Letting Craig Kimbrel leave in free agency appears to have been a wise move by the Boston Red Sox considering how poorly he’s pitched for the Chicago Cubs.
Dave Dombrowski took a lot of heat for failing to construct a formidable bullpen, which played a hand in his departure from the Boston Red Sox. Perhaps we’re not giving him enough credit for the move he resisted making – bringing back Craig Kimbrel.
Kimbrel has been arguably the best closer in baseball over the last decade. While his tenure in Boston ended with a shaky postseason, the right-hander was an elite reliever during his three years with the Red Sox. They let him go anyway.
A contract that would have set a record for a relief pitcher was the expectation that Kimbrel carried into free agency. Despite the lack of a clear internal replacement to fill the close role, that’s not a price the Red Sox were willing to pay.
Neither was anyone else. Every team in baseball scoffed at the number of years and average annual value that Kimbrel demanded. It didn’t help that it would have cost any other franchise a draft pick to sign him. Kimbrel had to wait until after the June draft to sign a 3-year, $43 million deal with the Chicago Cubs. A significant salary for a reliever but far from Kimbrel’s original expectations.
The Cubs probably aren’t feeling as if they found a bargain. Kimbrel has been an absolute dumpster fire since relocating to Chicago. While he’s converted 13 of 16 save opportunities, the path to that respectable conversion rate has been messy.
His latest appearance sums up how poorly his stint in Chicago has gone. Kimbrel entered the ninth inning of Saturday’s game against the St. Louis Cardinals protecting a one-run lead. He threw only one pitch to each of the first two batters he faced, both of which were crushed for home runs to cough up the lead.
Two nights earlier, Kimbrel was tagged with the loss for surrendering a solo homer in extra innings. That’s two losses pinned on Kimbrel in a series in which they were swept in four games by the NL Central-leading Cardinals. Chicago has fallen seven games behind St. Louis in the division and four games out of a Wild Card spot.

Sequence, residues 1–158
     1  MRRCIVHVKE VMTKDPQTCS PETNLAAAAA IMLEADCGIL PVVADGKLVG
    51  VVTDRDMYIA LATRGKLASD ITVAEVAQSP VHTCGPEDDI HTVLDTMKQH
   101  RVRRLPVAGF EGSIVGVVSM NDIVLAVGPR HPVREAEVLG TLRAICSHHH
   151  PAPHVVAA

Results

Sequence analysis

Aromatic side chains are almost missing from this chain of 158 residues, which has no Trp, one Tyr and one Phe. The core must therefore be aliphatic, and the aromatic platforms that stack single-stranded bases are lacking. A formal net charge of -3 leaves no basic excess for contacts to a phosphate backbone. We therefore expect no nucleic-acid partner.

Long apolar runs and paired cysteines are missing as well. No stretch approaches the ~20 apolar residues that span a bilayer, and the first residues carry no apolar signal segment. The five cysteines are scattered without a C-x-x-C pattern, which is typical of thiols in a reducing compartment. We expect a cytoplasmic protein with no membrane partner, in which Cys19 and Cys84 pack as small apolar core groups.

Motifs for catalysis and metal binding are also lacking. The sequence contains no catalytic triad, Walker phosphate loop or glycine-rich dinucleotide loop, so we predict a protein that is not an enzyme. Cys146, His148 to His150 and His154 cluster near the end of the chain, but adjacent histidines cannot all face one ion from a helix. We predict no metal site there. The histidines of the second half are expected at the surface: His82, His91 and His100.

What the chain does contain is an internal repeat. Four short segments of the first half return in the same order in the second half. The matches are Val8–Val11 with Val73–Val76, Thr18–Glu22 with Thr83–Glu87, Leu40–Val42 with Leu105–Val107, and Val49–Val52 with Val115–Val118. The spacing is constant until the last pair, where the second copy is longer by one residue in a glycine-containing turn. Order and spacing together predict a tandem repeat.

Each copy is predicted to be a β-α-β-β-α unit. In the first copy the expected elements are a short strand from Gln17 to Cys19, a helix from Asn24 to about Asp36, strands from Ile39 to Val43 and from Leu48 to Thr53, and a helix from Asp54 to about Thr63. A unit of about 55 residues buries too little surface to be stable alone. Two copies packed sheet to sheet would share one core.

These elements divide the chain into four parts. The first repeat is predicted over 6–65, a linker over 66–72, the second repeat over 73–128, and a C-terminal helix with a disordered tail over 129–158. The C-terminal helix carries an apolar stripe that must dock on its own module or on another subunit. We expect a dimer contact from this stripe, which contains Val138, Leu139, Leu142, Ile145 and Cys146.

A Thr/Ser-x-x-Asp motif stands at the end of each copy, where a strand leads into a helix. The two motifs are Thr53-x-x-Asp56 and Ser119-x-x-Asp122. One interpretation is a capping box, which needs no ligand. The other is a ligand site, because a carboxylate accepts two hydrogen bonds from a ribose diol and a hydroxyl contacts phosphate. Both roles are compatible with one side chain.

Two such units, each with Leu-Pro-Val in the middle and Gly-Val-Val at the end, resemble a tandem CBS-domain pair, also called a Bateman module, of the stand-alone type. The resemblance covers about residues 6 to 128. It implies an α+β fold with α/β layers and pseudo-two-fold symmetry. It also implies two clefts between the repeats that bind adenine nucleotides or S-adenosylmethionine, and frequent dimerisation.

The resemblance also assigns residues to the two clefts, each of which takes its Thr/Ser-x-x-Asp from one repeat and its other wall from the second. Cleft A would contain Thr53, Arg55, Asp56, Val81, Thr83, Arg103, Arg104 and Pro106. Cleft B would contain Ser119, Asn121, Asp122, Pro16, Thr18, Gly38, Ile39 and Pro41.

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Kimbrel has allowed six earned runs on four homers in only three appearances this month. His September collapse has cost the Cubs any reasonable chance at the postseason.
He enters the day with a bloated 6.53 ERA that nearly doubles his previous career-high and more than triples his career rate. Kimbrel has already set a career-high with nine home runs allowed despite tossing only 20 2/3 innings. His previous high of seven came last year when he pitched 62 1/3 innings for the Red Sox. He’s still striking out batters at an elite rate with a 13.1 K/9 but his 5.2 BB/9 is almost as off the charts as his staggering home run rate.
Did the late start to his season throw off Kimbrel’s routine? He got off to a rough start by allowing five earned runs in his first three appearances before settling down with eight consecutive scoreless outings. It appeared the rust had been shaken off until he fell apart again in September.
Maybe it’s a small sample size. Perhaps he’ll be fine next year following a proper offseason routine. It’s also very possible that the 31-year old is nearing the end of the line. His velocity is down about 1 MPH from last year and a full 2 MPH from his peak, per FanGraphs. That’s a problem for a pitcher with control issues who relies heavily on his ability to blow hitters away with an overwhelming fastball.
These concerns are why the Red Sox refused to commit a lucrative multi-year deal to Kimbrel. You can question why they didn’t address their bullpen with an alternative option but Brandon Workman eventually emerged as a viable closer. It took the Red Sox half a season to realize he was the man for the job and by that point, it may have been too late to dig themselves out of an early hole.
We all know that pitching woes are the reason why the Red Sox will be sitting at home in October and early-season uncertainty surrounding their replacement for Kimbrel played a part in that. Entering the year without a “proven closer” may have cost the Red Sox a playoff spot. Giving Kimbrel anywhere near what it would have taken to sign him last winter would have cost them much more.